Wednesday, March 13, 2019

Preparing for Pour l'Amour du Fil

Life has turned busy again in a good way! I have been busy stitching on a quilt for the theme at the exhibiton at ChArtres- Croisement des Arts which starts this Saturday. This festival includes art, music, films and lectures and this year offers many delights. I also get to spend two weeks in Chartres, which is always a delight! So if you intend to come to the event let me know , I will make sure I am there! My piece for the theme, "La Joie, dans tous ses ├ęclats..."  

It has been a joy to be able to go for walks again, and particularly walks in nature!

I have also been busy preparing a list of work  that I will be exhibiting at Pour l'Amour du Fil in Nantes in April, which will be all my Traveller's Blanket work ( Plaides Nomads) and realised it has become quite a body of work. My last blanket which is not finished yet, and  will be my wellness blanket- the words that I embroidered  every day until my radiotherapy finished. But I thought I would share the work thus far.

And last but not least my  piece inspired by early morning walks on Atauro Island. On my first trip I often found sea urchins on the shore, also known as buli matan in Tetum.I find something joyous in their shape and whilst the piece isn't anatomically correct I wanted to create the wonder that  the humble sea urchin inspires!

We are still fundraising to have four women from Boneca de Atauro come to to AQC in Melbourne in  April. The visa applications cost $140  per applicant- and the amount of paperwork to apply took more than two days to fill in ( and English is my first language), let alone the time taken to gather supporting documentation. Australia really is not an easy place to visit! For example they wanted copies of banking statements- the women do not have bank accounts- and there is just one bank on Atauro Island- which nobody seems to use and there is no ATM. How to explain to the first world that the third world does not have such luxuries as bank accounts.

So we have reached the point of having covered the cost of the Visa applications and  almost three airfares. The women of Boneca de Atauro are incredibly grateful, as am I ,for your incredible support. However we need to raise just that little bit more for the last airfare and insurance- approximately $1500 all together. Any help will be much appreciated. You can donate  using the button below.

Friday, March 08, 2019

International Women's Day: Empowering Women

Today I want to honour and try to help empower these four amazing women from Boneca de Atauro- Jacinta da Costa, Virginia Saores, Tachya Gorreti and Maturina de Ajuaro to come to Australia in April for the Australasian Quilting Convention to show what they do and to share their passion. 

Boneca de Atauro is a women's co-operative on Atauro Island, part of Timor Leste. The co-operative consist of  60 or more women  who create textile dolls, bags, wall hangings and also run a guest house and small restaurant on Atauro Island, and a small gift shop in Dili. Their goal is to employ women from all backgrounds and their dream is to run an education centre to help with language and vocational skills for all who want to learn more. Their hard work , their dedication and their vision is inspirational. Their lives are not easy yet their vision embraces those around them and touches all those who meet them. They are a quiet but determined revolution on this small island to see women reach their potential and to be able to give their best for their families,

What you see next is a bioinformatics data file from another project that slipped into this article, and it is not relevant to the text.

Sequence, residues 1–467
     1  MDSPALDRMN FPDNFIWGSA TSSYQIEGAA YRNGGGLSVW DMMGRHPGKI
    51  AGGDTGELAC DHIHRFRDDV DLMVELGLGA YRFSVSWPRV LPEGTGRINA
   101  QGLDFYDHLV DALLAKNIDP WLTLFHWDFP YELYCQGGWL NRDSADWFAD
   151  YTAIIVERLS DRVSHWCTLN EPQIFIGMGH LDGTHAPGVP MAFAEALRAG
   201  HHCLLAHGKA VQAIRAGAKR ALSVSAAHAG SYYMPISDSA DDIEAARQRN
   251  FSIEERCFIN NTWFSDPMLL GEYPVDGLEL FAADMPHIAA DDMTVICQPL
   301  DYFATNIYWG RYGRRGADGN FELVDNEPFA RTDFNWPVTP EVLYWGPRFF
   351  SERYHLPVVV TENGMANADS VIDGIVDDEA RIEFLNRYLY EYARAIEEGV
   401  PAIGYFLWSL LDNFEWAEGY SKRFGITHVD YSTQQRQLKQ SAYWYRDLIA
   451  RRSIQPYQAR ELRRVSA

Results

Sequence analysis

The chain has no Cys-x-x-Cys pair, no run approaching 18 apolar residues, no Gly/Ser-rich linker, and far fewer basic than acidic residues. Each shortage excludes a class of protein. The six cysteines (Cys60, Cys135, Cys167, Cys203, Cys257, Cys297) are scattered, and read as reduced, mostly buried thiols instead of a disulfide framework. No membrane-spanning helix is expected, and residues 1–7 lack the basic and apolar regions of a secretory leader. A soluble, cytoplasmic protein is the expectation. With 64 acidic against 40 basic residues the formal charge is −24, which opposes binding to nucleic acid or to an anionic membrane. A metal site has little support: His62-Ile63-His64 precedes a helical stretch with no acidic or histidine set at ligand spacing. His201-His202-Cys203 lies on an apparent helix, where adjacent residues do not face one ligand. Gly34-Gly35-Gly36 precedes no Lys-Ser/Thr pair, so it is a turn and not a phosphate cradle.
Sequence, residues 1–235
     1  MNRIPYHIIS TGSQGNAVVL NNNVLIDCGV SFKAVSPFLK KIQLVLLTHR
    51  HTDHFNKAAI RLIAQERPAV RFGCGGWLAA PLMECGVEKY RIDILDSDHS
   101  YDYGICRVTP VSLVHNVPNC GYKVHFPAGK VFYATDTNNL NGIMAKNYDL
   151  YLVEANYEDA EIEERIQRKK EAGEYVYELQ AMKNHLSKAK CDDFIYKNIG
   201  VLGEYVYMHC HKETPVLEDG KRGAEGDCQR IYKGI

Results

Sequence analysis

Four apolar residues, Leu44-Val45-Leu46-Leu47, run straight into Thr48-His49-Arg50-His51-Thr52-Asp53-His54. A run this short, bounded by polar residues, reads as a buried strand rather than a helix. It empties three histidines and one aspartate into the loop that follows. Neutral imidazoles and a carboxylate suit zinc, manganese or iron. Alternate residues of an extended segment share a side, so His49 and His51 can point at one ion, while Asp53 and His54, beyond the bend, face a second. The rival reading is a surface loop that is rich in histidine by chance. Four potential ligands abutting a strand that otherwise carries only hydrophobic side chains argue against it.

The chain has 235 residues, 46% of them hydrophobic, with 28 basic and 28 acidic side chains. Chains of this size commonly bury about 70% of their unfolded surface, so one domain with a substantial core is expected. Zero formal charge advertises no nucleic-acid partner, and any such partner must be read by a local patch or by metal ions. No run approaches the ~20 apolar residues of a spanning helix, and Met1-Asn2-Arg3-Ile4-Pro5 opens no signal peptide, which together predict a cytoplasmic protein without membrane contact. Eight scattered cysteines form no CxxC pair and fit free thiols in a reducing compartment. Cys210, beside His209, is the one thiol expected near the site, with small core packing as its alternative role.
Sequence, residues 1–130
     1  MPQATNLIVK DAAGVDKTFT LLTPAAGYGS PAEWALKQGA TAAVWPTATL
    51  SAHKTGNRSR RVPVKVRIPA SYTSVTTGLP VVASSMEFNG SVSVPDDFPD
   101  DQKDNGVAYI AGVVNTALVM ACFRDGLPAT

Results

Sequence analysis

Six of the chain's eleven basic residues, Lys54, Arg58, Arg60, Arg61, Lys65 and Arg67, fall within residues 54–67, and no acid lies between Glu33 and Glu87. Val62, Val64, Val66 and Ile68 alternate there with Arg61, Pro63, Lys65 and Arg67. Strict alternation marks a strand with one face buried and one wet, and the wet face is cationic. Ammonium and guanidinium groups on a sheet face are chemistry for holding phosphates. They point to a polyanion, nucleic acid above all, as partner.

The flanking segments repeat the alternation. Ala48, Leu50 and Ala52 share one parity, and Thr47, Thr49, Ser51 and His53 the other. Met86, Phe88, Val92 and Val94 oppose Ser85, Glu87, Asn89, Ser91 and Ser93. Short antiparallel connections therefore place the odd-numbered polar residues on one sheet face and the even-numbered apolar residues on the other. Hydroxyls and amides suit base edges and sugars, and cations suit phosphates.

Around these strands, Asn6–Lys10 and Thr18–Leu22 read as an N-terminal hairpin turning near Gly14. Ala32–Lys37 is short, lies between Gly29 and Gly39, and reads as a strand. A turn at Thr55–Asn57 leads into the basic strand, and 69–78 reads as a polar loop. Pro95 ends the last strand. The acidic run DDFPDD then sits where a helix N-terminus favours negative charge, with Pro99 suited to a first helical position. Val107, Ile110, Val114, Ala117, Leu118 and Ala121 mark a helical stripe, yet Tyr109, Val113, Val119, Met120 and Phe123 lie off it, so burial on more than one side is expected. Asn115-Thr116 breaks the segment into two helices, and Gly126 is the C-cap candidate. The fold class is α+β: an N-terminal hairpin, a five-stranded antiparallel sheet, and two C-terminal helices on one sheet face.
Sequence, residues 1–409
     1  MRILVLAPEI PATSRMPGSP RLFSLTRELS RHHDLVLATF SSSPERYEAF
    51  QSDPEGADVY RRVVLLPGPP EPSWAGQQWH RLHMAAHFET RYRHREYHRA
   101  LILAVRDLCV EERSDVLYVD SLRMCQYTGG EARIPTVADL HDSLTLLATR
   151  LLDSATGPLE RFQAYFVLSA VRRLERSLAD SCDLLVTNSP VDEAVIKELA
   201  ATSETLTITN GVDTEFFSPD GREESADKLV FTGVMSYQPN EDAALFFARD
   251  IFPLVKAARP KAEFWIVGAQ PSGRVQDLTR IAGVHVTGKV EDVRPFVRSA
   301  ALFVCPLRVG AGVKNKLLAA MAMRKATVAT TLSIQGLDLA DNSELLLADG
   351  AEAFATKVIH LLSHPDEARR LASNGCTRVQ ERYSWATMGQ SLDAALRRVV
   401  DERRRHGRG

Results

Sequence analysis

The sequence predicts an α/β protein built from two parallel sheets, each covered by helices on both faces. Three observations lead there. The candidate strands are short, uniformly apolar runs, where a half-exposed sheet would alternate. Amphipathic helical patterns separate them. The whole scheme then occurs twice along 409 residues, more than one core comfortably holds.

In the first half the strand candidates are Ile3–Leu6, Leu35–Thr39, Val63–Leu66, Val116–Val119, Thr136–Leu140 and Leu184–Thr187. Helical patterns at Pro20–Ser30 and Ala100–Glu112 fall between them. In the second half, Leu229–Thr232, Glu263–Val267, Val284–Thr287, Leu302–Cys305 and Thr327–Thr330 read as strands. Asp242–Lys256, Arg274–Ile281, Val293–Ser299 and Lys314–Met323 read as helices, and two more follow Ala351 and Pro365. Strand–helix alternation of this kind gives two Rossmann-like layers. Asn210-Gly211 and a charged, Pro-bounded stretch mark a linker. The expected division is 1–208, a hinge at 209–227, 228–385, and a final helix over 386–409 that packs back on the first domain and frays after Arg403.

I want to thank the women of  Boneca de Atauro for letting me into their lives and  sharing their dream with you. I know there are many worthwhile projects in the world that have just such goals and dreams, and  all of them start out of need. This project really touched my heart  because it is driven by the women themselves: not an NGO or a Charity group- they have received very little funding in the past and everything they have achieved has been through hard work and a willingness to work together and for each other- it is why they formed a co-operative. It is a wonderful example of the power of women!

Below is an image of the Bonecas ( dolls) that started it all. They were commissioned  for schools in East Timor in 2007, and continue to be made.

You can help the women  come to Melbourne with your donation- every little bit is appreciated. I also want to thank all of you who have donated so far- I am amazed from how far and wide donations have come- and just as amazed that I know most of you through textiles- what a world we weave!! We have almost funded two airfares- still a way to go but we are immensely grateful to be at this point! ( things haven't been helped by a price rise in East Timor airfares late last year when an airline company bought out the competition and created a monopoly- it is having a very adverse effect on tourism in Timor Leste)

Thursday, March 07, 2019

In Europe

I constantly keep saying time flies but it really does. My father died just before I left Timor-Leste, he had been ill, but in the end things went very fast and I couldn't get back to Australia in time, as the earliest flight back was the one I was booked on anyway. He requested no funeral which made the being and not being difficult to process. Also I had tried to visit him on the day before I left for Timor-Leste, but could not as there had been a gastro outbreak in the residential care facility where he was so I did not really say goodbye apart from on the phone.